because it doesn't have as much dynamic range as the 5d IV, so I tend to clip my highlights sometimes. So having my curves in the viewfinder is clutch. So that's first shot without polarizer, now let's put the polarizer on. Okay my filter is pretty clean, we'll say. This one is the CPL I've showed you in the studio, same one, no tricks here. But it's on. Okay. Now let's do the photo with the CPL. So. So settings I got here is 1/125, 5.6, still ISO 100. So like I said, I'm losing a few stops of light with the polarizer, that's why I'm reducing my shutter speed. (camera shutter clicking) Huh. There you go. And last one, just to be sure. So important with the polarizer, when you turn your camera, you know, you have to think, remember about turning the polarizer. I've done that before, you know, forgetting. Boom. Right there. (camera shutter clicking) Okay, so now the issue I'm having is that it is windy, right? So I'd love to have a reflection go all the way to the mountains. Well, there's a solution, I can use the ND filter. So we have three types of NDs here. We have the ND8, ND4, and the variable ND from Peter that does two full stops, right? Is it two? Four stops. Okay. The variable, Peter's ND actually does four stops, so even better. He's done this before. Cheers, mate. (whistles) Proper way, boom. Guess how many stops we get out of this? So that was the longest eight seconds of my life. Okay. One more. (camera shutter clicking) So you see on a day like today that's a bit windy using the ND and a tripod or some stable object you can find allows me to get a reflection, you know, out of something that is quite moving with the wind. That's the main use I have for an ND. It's a rare thing that I use, but when I gotta get a shot and it's windy, bust out the ND, ND 64. I'm gonna try to put the ND 1000 now, actually, and see what I can get. Okay. Let's take this to the beach. I need to be on the beach so I can slow down my shutter even more with the ND 1000. The dock's moving a bit too much for more than six to eight seconds of exposure, so I'm hoping I can do 15 on the beach. Got my ND 1000, got my foreground, got my tripod out. What else? Let's try this longer exposure now. It's gotten a bit more windy actually, should be good to demonstrate this. Okay, so I'm haphazardly balancing the ESR on the tripod. I don't advise doing this, but if you have to make it happen, this is how it works. So, 30 seconds exposure, F 16 and two seconds start, boom, we're going. I'm just, in case it falls, you know. But otherwise it's looking good. (camera shutter clicking) Oh, sweet. Yeah. It's actually smoothing out the sky, too, 'cause there's like some movement from the clouds. Yeah. Well, it's making this surface look like glass versus all those little ripples. Now let me just do a shot without the filter, and then we'll be good. (camera shutter clicking) Okay. Huge difference. You see, especially in the foreground, no ripples, and then this mountain's more defined. Sky looks more dreamy, too. So that was the first part of filters, polarizer and NDs. Now for the second part of this episode we're gonna go build a snow cave, at least try to build one, no one, none of us has ever built one, and then shoot some photos at night with the ice cave, with the snow cave and the stars with the gray ND filters. See you there. None of us have ever built a snow cave or a cottage, and there's very little snow in this parking lot, so we might be back in half an hour here. Isaac, what do you think the chances of success are? (laughing) I mean, success of having a good time is 100%, but success of a snow cave? Mm, we'll see. We'll see. He's got a radio. (men laughing) (inaudible) I give it a 10 out of 10. That's what our success rates are from me. (laughing) (mellow orchestral music) Let's go down there. Tucker, I did not imagine it would be this easy. It's crazy. Welcome to the abode. It's quit roomy here. At least, you know, half a person can fit right now and I'm right now shaping what is to be the living quarters, to the left. ♪ Yeah, you got that yummy, yummy, yummy, yummy ♪ I think it's, the goal is to get a bell shape, like a, yeah, like a bell like this. So you're making it pretty wide up top and then thinner at the bottom. Keeping that in mind to me is the hardest, you know, 'cause I'm just like chopping blocks, and yeah. Round it all, round it all up. (sighing) Mostly good fun. Whoa, I am almost standing up now. Almost standing up. Can you stand up? Almost in good comfort. Timber! Okay, wow. This side's basically almost done. Okay. I'm just like widening out a little more. So right now we finished building our palace of ice, and I am slowly starting to prepare this to take photos of it, so. I don't know if you've seen, but all of our shit's here, so I'm just placing skis in the right places. Put my skis there. I'm gonna put some more here and here, just so it feels like, you know, like people are here, but it's also nicely styled. It feels good, right? We don't want, like, there's a tripod here and (indistinct). But this is all about, you know, this is what makes the difference, is like, just little details, you know, like nice skis up here. You can A frame them, too, like this if you wanted to, there's different styles. Keeping the poles close to the skis. Hmm. These are not the right poles. And now I'm setting up the 1D X Mark II with my gradient ND, and I'm gonna shoot our little house, the snow cave. Underexpose the cave, right, which has a candle in it. I wanna underexpose that so I can get the sky to be proper, 'cause the sky is obviously darker than my candle lighting up the cave. That's why I'm using an ND. So you could possibly do a bracketed shot here, it's a bit more work, and it's pretty windy, too, so the trees might not work out perfectly, there would be some masking to do. So I just can't be bothered, I'm just gonna do one shot with the filter. Okay. Bam, big gradient going on. See it there? (whistles) That's all my lower part gradiented. So I've just adjusted the gradient filter to kinda cover half the length of the lens, which pretty much where the snow cave is. So then on this upper part, I'll place the mountains, if we can see them, and then it'll just make one neat exposure. So this much is dark, and this much is normal. Let's try it. So I did my first test shot. (camera shutter clicking) F 2.8, 20 second exposure with the four stop ND here, the lens. And I'm gonna have to tinker with it a bit more because I think I need to go a little darker, so I'm gonna slide it up, and then I might have to bracket. (camera shutter clicking) Like, this filter's working, so so far the experiment is working out. Now we're gonna send Levi up on top of the snow cave as a model, because the scene looks good but the skis are not enough, I think it's a bit dead, so we're gonna add a little subject up there and see if it brings the whole scene together. (camera shutter clicking) Done a first test shot with Levi. It looks really cool. The issue that you see right now on the screen is that his light is in flood mode versus spot, so it's lighting up a little bit too much of the snow, first problem. So we're gonna put it in spot so it lights up under the trees a little lower. Second thing is we're gonna move him a bit more back, so there's a good space between the light of the cave and the light of his headlamp. Let's do it. (camera shutter clicking) So I just got the shot I needed, which is I think the winner one's gonna be Levi sitting out by the cave. (camera shutter clicking) I took a few different shots with and without the filter so you can see the difference. (camera shutter clicking) Overall I'm really glad I brought the filter because it saves me some times, and it makes it more straightforward. You know, it's pretty freezing out here, so the less time I spend tinkering with multiple exposures, the better. So, let's do some editing and show you the final shots. (calm music) (camera shutter clicking)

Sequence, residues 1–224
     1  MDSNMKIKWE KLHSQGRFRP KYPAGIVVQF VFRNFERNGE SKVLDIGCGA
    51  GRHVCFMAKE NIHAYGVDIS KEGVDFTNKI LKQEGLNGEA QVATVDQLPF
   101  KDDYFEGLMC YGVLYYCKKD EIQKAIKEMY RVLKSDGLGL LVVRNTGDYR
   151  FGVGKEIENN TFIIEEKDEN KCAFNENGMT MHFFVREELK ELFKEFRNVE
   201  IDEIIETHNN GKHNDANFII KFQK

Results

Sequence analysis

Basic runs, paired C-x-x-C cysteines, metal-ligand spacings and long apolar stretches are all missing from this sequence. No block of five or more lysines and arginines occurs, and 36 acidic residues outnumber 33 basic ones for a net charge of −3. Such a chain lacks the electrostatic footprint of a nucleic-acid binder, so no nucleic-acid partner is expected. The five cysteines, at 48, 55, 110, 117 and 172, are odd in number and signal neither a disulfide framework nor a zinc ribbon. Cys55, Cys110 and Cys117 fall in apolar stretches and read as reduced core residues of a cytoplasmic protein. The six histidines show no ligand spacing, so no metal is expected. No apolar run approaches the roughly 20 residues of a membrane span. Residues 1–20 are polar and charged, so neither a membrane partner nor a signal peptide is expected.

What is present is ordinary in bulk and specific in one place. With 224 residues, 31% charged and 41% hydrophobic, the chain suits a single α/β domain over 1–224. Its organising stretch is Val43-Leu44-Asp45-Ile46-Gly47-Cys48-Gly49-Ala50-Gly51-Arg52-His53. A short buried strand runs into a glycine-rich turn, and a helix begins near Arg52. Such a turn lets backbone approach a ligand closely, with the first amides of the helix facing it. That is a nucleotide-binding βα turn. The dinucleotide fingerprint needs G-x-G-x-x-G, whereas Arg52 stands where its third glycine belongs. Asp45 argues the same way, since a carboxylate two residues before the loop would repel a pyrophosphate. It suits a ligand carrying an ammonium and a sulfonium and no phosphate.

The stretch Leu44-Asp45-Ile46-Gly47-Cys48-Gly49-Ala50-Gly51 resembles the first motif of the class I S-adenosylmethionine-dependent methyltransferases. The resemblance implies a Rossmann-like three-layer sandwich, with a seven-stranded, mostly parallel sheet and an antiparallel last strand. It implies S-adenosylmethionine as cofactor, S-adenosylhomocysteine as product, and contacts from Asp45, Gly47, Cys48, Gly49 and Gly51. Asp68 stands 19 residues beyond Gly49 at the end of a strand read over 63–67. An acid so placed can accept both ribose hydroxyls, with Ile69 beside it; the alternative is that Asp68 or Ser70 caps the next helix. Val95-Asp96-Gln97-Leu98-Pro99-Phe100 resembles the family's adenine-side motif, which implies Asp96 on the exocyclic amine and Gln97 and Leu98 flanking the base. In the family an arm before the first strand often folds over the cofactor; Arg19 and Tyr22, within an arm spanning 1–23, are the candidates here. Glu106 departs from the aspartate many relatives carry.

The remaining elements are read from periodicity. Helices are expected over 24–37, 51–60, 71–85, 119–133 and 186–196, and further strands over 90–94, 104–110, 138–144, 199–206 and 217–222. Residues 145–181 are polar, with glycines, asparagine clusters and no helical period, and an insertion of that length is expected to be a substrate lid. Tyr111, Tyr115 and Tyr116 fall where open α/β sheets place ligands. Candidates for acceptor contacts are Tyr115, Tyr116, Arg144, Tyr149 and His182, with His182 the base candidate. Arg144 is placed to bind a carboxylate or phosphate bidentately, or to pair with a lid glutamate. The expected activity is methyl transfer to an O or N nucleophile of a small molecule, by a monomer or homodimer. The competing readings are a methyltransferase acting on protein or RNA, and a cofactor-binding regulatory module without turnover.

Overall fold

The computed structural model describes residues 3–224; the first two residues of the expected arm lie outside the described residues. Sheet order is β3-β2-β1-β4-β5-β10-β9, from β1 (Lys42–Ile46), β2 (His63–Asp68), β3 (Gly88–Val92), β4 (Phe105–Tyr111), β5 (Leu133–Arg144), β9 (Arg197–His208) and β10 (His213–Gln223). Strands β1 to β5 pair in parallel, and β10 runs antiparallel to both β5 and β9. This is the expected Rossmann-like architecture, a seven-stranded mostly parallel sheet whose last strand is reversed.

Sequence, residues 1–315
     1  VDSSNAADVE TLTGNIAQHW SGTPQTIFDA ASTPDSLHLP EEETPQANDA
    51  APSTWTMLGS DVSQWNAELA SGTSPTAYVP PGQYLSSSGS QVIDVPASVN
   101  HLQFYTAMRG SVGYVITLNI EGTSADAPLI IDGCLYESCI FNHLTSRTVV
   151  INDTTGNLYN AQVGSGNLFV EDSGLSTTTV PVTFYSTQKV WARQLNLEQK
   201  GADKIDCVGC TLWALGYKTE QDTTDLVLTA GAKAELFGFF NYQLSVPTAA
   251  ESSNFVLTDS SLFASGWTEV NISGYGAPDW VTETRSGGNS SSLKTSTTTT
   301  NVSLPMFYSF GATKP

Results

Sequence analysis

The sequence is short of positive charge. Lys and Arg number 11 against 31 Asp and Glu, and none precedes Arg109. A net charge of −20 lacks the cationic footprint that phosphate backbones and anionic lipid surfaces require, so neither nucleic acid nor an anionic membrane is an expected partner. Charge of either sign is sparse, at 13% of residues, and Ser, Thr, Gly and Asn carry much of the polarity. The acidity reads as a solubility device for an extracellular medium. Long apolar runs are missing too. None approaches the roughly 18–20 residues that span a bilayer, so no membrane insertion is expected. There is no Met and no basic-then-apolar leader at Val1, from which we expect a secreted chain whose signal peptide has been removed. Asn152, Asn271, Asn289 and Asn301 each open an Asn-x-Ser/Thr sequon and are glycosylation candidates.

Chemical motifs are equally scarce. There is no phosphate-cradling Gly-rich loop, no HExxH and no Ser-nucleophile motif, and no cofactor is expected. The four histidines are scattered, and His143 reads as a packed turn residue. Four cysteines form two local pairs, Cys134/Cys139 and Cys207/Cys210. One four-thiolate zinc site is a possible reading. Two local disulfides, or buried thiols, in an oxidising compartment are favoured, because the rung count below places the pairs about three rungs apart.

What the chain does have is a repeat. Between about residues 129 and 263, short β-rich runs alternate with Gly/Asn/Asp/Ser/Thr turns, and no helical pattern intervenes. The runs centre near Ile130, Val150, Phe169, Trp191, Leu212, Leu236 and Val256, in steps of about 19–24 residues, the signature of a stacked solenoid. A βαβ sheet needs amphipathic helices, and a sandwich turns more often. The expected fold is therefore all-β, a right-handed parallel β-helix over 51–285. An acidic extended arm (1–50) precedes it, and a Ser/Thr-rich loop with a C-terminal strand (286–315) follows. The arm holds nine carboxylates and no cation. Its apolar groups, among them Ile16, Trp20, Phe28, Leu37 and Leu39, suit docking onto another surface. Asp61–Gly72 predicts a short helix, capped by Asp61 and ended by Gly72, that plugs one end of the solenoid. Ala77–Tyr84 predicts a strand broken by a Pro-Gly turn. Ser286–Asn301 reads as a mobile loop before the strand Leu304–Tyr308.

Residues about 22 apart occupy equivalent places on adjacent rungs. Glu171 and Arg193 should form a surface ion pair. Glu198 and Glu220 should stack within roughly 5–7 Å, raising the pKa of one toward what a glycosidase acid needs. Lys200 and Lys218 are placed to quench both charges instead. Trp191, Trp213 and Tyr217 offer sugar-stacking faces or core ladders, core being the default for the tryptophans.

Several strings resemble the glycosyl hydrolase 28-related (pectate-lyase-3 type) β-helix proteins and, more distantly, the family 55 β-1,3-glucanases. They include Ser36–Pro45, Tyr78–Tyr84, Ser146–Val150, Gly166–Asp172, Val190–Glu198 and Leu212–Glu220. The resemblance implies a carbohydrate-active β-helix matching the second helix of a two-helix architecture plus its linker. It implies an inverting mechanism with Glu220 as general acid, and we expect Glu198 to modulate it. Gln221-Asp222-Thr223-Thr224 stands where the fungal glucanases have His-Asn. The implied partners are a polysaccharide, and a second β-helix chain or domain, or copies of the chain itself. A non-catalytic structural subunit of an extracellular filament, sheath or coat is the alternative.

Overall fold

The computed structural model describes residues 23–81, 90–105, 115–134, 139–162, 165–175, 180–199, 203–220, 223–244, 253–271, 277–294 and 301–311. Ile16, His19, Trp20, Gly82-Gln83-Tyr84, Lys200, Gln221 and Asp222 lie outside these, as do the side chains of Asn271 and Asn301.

Class Materials